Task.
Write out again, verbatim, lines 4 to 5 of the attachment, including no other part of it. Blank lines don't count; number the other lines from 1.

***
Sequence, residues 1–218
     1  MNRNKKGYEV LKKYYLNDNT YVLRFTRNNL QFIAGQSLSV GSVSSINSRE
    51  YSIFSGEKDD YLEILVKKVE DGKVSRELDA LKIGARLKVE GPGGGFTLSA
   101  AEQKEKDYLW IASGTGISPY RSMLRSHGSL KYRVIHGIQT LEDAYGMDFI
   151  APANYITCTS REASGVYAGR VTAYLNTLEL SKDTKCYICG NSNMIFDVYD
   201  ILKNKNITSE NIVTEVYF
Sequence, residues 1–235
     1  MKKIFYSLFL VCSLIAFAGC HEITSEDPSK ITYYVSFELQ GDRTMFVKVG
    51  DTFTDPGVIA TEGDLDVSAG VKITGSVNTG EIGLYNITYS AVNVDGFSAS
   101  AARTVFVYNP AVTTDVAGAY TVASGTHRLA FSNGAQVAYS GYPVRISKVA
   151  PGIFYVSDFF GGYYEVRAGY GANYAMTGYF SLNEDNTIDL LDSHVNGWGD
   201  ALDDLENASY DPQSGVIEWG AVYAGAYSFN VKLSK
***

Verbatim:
   101  AEQKEKDYLW IASGTGISPY RSMLRSHGSL KYRVIHGIQT LEDAYGMDFI
   151  APANYITCTS REASGVYAGR VTAYLNTLEL SKDTKCYICG NSNMIFDVYD